ACT (1 December 2014 – 28 January 2016)

The redistribution was required because it was more than 7 years since the previous redistribution of the territory. The division of Fraser was renamed to Fenner, and the boundaries of the two divisions were altered.

Appendix C: number of House of Representatives seats by state for each federal election

NSW Vic Qld SA WA Tas NT ACT Total Total with full
voting rights(a)
1901 26 23 9 7 5 5 75 75
1903 26 23 9 7 5 5 75 75
1906 27 22 9 7 5 5 75 75
1910 27 22 9 7 5 5 75 75
1913 27 21 10 7 5 5 75 75
1914 27 21 10 7 5 5 75 75
1917 27 21 10 7 5 5 75 75
1919 27 21 10 7 5 5 75 75
1922 28 20 10 7 5 5 1 76 75
1925 28 20 10 7 5 5 1 76 75
1928 28 20 10 7 5 5 1 76 75
1929 28 20 10 7 5 5 1 76 75
1931 28 20 10 7 5 5 1 76 75
1934 28 20 10 6 5 5 1 75 74
1937 28 20 10 6 5 5 1 75 74
1940 28 20 10 6 5 5 1 75 74
1943 28 20 10 6 5 5 1 75 74
1946 28 20 10 6 5 5 1 75 74
1949 47 33 18 10 8 5 1 1 123 121
1951 47 33 18 10 8 5 1 1 123 121
1954 47 33 18 10 8 5 1 1 123 121
1955 46 33 18 11 9 5 1 1 124 122
1958 46 33 18 11 9 5 1 1 124 122
1961 46 33 18 11 9 5 1 1 124 122
1963 46 33 18 11 9 5 1 1 124 122
1966 46 33 18 11 9 5 1 1 124 123
1969 45 34 18 12 9 5 1 1 125 125
1972 45 34 18 12 9 5 1 1 125 125
1974 45 34 18 12 10 5 1 2 127 127
1975 45 34 18 12 10 5 1 2 127 127
1977 43 33 19 11 10 5 1 2 124 124
1980 43 33 19 11 11 5 1 2 125 125
1983 43 33 19 11 11 5 1 2 125 125
1984 51 39 24 13 13 5 1 2 148 148
1987 51 39 24 13 13 5 1 2 148 148
1990 51 38 24 13 14 5 1 2 148 148
1993 50 38 25 12 14 5 1 2 147 147
1996 50 37 26 12 14 5 1 3 148 148
1998 50 37 27 12 14 5 1 2 148 148
2001 50 37 27 12 15 5 2 2 150 150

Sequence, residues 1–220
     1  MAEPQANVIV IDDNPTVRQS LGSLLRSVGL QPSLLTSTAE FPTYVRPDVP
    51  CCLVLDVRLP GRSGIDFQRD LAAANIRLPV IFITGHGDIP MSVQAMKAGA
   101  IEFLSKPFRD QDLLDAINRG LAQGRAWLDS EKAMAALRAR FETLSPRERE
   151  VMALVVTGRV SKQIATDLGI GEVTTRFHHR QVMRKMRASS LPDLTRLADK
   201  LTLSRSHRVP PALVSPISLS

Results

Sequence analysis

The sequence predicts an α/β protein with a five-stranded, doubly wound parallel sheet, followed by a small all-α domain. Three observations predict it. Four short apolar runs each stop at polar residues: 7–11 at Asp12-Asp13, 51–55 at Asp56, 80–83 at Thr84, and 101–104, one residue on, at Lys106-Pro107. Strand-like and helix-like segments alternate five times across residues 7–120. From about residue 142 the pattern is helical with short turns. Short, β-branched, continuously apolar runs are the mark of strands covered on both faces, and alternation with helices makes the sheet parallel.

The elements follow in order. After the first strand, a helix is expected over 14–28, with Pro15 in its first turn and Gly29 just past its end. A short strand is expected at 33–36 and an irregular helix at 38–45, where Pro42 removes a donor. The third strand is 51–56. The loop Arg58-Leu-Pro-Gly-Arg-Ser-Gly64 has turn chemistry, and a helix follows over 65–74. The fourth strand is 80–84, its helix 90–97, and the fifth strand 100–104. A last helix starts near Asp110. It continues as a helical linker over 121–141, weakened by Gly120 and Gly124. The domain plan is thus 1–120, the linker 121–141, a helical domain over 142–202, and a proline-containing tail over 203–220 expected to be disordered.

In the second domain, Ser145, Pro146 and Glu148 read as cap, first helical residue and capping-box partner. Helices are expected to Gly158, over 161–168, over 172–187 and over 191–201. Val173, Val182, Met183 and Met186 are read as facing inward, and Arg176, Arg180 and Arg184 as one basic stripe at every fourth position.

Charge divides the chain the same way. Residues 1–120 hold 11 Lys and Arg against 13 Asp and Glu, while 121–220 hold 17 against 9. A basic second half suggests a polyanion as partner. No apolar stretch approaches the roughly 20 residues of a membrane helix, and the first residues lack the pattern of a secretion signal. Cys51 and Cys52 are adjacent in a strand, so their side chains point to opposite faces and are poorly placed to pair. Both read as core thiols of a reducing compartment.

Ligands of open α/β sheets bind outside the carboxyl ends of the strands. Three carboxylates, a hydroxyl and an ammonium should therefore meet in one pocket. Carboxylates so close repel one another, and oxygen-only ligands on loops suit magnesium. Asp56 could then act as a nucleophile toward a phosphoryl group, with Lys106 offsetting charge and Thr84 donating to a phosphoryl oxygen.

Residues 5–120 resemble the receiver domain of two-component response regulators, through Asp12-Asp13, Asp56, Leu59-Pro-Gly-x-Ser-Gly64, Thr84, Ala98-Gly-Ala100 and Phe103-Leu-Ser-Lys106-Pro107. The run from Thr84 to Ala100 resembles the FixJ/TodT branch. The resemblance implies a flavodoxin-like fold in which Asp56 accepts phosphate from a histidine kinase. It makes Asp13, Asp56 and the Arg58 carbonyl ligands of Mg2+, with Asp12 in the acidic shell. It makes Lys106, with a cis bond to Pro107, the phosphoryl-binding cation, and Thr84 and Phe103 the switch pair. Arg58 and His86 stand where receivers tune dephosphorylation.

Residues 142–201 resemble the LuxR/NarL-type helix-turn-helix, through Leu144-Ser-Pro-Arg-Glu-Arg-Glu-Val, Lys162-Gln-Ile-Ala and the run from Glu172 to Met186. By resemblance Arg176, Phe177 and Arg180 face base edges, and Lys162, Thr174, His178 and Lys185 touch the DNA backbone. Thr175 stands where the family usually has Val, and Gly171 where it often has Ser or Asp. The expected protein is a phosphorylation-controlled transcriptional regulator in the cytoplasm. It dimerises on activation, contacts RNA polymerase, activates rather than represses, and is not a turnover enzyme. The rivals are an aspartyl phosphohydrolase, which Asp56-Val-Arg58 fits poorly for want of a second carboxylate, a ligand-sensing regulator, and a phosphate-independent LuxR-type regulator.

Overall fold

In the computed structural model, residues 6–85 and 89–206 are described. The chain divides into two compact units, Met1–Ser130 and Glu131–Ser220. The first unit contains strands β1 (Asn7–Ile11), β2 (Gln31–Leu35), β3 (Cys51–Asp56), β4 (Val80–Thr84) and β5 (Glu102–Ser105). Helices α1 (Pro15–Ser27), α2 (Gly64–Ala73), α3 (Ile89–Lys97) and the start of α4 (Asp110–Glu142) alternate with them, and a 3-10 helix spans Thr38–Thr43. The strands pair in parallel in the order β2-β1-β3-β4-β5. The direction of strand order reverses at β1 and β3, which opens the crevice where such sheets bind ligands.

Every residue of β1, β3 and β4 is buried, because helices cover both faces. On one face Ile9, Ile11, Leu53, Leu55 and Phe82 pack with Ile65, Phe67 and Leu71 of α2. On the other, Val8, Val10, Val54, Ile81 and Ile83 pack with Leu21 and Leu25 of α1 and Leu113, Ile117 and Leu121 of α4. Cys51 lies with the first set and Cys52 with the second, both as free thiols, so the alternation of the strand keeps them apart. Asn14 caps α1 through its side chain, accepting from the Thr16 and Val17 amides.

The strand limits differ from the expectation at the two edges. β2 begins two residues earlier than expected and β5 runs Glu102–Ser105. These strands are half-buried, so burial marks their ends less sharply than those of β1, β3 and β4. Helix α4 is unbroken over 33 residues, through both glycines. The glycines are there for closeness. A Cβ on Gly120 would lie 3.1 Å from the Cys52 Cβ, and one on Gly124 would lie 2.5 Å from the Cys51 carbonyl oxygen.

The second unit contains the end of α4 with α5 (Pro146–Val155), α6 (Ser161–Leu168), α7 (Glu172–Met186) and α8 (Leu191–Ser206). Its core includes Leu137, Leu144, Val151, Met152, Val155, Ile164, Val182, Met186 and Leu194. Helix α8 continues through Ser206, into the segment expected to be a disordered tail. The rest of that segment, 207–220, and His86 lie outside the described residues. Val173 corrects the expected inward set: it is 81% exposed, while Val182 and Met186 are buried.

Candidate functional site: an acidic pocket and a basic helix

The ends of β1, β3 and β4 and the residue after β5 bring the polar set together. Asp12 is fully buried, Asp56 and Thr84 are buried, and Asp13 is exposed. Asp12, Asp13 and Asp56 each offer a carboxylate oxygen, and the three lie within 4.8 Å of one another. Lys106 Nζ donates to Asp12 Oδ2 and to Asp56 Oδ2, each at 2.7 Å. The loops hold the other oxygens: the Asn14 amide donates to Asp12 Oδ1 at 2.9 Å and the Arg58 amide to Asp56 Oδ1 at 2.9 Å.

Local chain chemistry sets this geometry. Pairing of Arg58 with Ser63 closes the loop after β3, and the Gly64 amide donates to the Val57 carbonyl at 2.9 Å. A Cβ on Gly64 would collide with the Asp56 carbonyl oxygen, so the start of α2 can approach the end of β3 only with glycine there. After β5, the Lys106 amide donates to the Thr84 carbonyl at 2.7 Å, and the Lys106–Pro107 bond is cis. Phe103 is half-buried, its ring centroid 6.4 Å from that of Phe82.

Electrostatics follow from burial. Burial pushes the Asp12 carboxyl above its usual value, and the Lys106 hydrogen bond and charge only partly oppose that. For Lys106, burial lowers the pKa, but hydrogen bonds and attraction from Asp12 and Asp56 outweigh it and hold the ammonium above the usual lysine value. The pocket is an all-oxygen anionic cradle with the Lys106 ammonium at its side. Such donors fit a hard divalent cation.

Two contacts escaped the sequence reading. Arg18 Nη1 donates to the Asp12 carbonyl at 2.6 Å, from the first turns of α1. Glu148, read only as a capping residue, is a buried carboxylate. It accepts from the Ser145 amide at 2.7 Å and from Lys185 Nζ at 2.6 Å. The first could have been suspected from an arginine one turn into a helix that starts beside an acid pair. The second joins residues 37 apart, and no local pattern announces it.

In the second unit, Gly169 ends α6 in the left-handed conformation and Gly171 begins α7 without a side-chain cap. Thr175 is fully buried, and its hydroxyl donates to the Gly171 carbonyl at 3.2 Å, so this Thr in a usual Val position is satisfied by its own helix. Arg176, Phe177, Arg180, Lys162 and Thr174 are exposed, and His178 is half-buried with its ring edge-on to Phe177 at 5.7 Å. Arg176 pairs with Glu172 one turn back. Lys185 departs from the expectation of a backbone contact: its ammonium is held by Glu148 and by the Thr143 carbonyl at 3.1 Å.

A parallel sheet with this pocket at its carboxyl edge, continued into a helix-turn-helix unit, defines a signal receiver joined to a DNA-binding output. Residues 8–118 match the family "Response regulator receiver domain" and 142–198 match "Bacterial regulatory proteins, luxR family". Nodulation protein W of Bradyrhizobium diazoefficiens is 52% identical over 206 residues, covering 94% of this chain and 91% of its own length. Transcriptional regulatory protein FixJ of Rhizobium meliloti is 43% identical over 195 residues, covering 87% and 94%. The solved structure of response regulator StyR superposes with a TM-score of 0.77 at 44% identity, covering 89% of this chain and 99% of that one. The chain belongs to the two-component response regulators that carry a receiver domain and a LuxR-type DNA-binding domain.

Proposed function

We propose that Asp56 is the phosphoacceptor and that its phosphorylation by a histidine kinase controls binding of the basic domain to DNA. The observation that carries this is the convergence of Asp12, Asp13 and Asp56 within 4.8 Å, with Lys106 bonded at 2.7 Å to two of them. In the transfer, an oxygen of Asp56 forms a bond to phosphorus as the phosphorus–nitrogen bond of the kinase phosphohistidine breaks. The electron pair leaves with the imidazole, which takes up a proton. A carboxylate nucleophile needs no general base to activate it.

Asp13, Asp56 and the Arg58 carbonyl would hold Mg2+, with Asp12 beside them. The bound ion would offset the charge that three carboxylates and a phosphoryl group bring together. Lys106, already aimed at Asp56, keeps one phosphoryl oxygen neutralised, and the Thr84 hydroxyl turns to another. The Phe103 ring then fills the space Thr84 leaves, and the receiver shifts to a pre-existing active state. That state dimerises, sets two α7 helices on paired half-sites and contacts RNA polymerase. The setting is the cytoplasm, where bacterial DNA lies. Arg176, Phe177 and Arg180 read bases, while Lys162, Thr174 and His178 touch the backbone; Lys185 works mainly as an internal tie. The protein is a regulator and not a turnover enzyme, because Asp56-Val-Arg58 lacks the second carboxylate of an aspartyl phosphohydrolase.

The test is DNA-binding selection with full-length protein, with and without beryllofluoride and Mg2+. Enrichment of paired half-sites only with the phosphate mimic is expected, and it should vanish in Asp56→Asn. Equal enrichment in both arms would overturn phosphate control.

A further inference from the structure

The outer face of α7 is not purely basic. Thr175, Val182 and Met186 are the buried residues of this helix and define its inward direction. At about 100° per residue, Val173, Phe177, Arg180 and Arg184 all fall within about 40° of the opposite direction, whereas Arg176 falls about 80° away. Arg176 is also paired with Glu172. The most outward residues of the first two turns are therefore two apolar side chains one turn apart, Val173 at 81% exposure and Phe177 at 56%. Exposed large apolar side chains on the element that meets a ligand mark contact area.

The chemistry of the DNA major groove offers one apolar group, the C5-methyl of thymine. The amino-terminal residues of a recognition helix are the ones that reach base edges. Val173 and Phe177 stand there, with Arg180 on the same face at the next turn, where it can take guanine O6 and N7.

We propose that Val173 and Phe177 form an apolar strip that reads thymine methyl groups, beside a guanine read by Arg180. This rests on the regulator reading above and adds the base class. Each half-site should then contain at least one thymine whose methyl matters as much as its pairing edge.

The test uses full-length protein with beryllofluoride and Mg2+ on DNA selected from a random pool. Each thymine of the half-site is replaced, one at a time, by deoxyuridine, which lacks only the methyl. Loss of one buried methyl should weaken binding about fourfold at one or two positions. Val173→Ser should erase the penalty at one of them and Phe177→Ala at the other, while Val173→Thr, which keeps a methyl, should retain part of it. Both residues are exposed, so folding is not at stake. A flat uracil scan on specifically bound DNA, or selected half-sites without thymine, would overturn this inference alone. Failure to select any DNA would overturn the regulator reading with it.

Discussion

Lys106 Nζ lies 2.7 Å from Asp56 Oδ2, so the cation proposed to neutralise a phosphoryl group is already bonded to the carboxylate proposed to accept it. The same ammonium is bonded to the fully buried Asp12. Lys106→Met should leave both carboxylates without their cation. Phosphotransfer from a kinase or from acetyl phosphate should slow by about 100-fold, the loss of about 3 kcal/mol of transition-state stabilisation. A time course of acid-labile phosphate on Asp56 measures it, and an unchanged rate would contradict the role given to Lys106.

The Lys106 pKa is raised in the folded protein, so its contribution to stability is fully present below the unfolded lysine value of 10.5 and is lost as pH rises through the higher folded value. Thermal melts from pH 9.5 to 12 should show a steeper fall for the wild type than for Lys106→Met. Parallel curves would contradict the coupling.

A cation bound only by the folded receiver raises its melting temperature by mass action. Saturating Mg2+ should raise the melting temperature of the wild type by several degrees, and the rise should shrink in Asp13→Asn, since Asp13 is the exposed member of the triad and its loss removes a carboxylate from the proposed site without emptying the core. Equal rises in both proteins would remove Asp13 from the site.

2004 50 37 28 11 15 5 2(b) 2 150 150
2007 49 37 29 11 15 5 2 2 150 150
2010 48 37 30 11 15 5 2 2 150 150
2013 48 37 30 11 15 5 2 2 150 150
2016 47 37 30 11 16 5 2 2 150 150
2019 47 38 30 10 16 5 2 3 151 151
2022 47 39 30 10 15 5 2(c) 3 151 151

(a) The member for the NT had limited voting rights between 1922 and 1968. The member for the ACT had limited voting rights between 1949 and 1966.

(b) The NT was reduced to 1 seat after the entitlement determination of 19 February 2003 but reverted to two divisions after the passage of the Commonwealth Electoral Amendment (Representation in the House of Representatives) Act 2004 and did not undergo a redistribution.

(c) The NT was reduced to 1 seat after the entitlement determination of 3 July 2020 but reverted to two divisions after the passage of the Electoral Amendment (Territory Representation) Act 2020 and did not undergo a redistribution.

Key: numbers in green indicate a seat gained since the last election, and numbers in red indicate a seat lost. Shaded cells indicate that the seat has undergone a redistribution prior to the election.

Source: Compiled by the Parliamentary Library from various sources.

Appendix D: start dates and selected milestones of recent redistributions

State Date redistribution commenced Days until submissions closed Days from submissions closed to proposal released  Date Finalised Days from proposals released until redistribution finalised Total time
Days Months
Vic 15/07/2020 93 154 26/07/2021 129 376 12
WA 15/07/2020 100 147 2/08/2021 136 383 12
SA 4/09/2017 88 133 20/07/2018 98 319 10
ACT 4/09/2017 81 133 13/07/2018 98 312 10
Vic 4/09/2017 74 140 13/07/2018 98 312 10
Qld 6/01/2017 133 133 27/03/2018 179 445 14
Tas 1/09/2016 92 154 14/11/2017 193 439 14
NT 15/10/2015 141 189 7/02/2017 151 481 15
NSW 1/12/2014 172 147 25/02/2016 132 451 14
WA 1/12/2014 130 133 19/01/2016 151 414 13
ACT 1/12/2014 179 105 28/01/2016 139 423 13
SA 12/01/2011 114 98 16/12/2011 126 338 11
Vic 1/02/2010 67 112 24/12/2010 147 326 10
Qld 19/02/2009 78 77 15/12/2009 144 299 9
NSW 19/02/2009 71 98 22/12/2009 137 306 10
Tas 13/02/2008 86 105 16/02/2009 178 369 12
NT 16/01/2008 72 84 19/08/2008 60 216 7
WA 14/12/2007 105 126 10/12/2008 131 362 11
NSW 2/12/2005 112 98 22/11/2006 145 355 11
Qld 2/12/2005 91 112 22/11/2006 152 355 11
ACT 30/11/2004 108 98 9/12/2005 168 374 12
Qld 12/03/2003 100 63 25/11/2003 95 258 8
SA 12/03/2003 114 32 17/12/2003 134 280 9
Vic 18/01/2002 91 133 29/01/2003 152 376 12
WA 23/12/1999 92 63 20/11/2000 178 333 10
NT 23/12/1999 71 56 21/12/2000 237 364 11
Tas 14/04/1999 44 84 22/11/1999 94 222 7
NSW 26/02/1999 49 91 11/02/2000 210 350 11
SA 10/02/1999 37 63 13/08/1999 84 184 6

Source: AEC and Parliamentary Library calculations.

Appendix E: the Federation divisions and their fate

State Divisions Time in use History
NSW Barrier 1901–22 Abolished due to redistribution, 1922
  Bland 1901–06 Abolished due to redistribution, 1906